2. Content Creation - Everything online revolves around content these days, and every company has more content ready-to-go than they realize. We set up a DropBox folder to share with the client and told them to dump "anything and everything" they had. We filtered through for images, presentations, web-parts, etc. and pulled together a shortlist of things that could be converted quickly into useful information for their leads and customers.

3. PR - In case you haven't noticed, PR has evolved to become an easy driver of traffic, backlinks and content-sharing online. One Press Release two weeks before the start of the show to announce their "US Debut" at the show and another on the first day formatted as an "interview" with their executives generated thousands of views, hundreds of user actions (forwarding, downloading, etc.) and backlinks and put the client on Page 1 of both Google and Bing for their core keywords within days of launching.

4. Trade Show To Go Package I"Trade Show To-Go Box" - finally, to get them spiffed up for their US "debut", we made sure their small table at the show would not look like they just got off the plane (even if they just did!).  A package Fedexed with days to spare before the show contained:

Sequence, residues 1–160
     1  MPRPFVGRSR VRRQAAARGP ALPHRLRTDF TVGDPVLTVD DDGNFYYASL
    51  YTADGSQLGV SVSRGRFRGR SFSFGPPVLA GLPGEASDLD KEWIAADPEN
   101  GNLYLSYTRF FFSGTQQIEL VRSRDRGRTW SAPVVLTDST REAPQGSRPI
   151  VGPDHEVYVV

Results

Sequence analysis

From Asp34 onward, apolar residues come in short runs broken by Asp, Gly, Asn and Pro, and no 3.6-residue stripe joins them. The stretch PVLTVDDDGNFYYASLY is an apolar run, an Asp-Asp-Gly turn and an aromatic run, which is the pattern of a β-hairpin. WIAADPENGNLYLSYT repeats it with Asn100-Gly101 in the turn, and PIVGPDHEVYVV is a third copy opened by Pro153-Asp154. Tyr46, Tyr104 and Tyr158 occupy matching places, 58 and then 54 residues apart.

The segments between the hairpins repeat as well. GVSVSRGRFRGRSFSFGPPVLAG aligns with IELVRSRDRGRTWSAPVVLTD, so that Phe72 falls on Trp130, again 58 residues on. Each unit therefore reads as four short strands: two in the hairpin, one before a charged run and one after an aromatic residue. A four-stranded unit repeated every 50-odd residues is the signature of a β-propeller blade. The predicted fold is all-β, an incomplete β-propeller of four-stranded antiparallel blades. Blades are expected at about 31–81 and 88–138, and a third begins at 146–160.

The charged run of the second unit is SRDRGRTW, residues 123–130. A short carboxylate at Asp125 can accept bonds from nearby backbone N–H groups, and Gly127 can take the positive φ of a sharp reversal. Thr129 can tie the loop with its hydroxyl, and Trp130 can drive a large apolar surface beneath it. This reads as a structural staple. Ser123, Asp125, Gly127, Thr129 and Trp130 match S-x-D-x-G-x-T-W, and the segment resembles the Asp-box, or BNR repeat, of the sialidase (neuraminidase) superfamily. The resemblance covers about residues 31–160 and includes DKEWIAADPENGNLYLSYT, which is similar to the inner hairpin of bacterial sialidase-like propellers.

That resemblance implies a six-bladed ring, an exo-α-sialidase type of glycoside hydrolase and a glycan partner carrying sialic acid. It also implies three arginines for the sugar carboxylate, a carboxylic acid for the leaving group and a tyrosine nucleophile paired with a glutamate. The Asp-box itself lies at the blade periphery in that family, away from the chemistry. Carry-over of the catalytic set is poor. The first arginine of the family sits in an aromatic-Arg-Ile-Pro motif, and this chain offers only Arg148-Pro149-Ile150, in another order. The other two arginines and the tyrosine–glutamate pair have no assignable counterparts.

a. Table Tents with QR code to the website to allow a peek for those not intending to stop at the table.

b. Pre-printed Logo Name Badges (2 for each person)

c. 40 folders, 40 copies of a set of five inserts, 40 logo labels to assemble their own "Press Kits" with business card included.

d. Clear plastic stand displays to allow for display of a choice of inserts

e. A brochure to use as a "Handout"

f. Guidance on creating more content at the Show (taking photos, recording demos, etc.)

The Reality of Making it Work

Is it really possible, or even recommended, to launch an international business in just nine days? 

In reality, this example only worked because the client has already been planning to enter a new market.  It worked because we had worked with them earlier on a marketing strategy and they had already selected a local resource to lead their local management once they incorporated.

Research had been done.  Partners had been approached.  There was already a plan to launch in the US. Just not this soon!   Essentially, enough homework was done ahead of time to make this possible.

So yes, you too can look around the globe and see the possibilities of an international product launch for your own business...but it pays to get help - so when you find it is time to hit the "on" switch, you will land in your new market intelligently and look ready for a long-term commitment.

Are you thinking about launching internationally?  If so, here is a basic checklist for your team to prepare to launch:

7 Point Checklist for Planning Your International Expansion

7pointchecklistforinternationalexpansion

Topics: Marketing Strategy, New Product Launch, Launch International

David Dallaire

Written by David Dallaire